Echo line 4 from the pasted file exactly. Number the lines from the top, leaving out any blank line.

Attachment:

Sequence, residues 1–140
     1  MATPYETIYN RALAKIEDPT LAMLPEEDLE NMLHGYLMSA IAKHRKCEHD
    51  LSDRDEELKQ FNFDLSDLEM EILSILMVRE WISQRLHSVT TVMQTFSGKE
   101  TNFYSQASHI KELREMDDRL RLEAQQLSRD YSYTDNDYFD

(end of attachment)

   101  TNFYSQASHI KELREMDDRL RLEAQQLSRD YSYTDNDYFD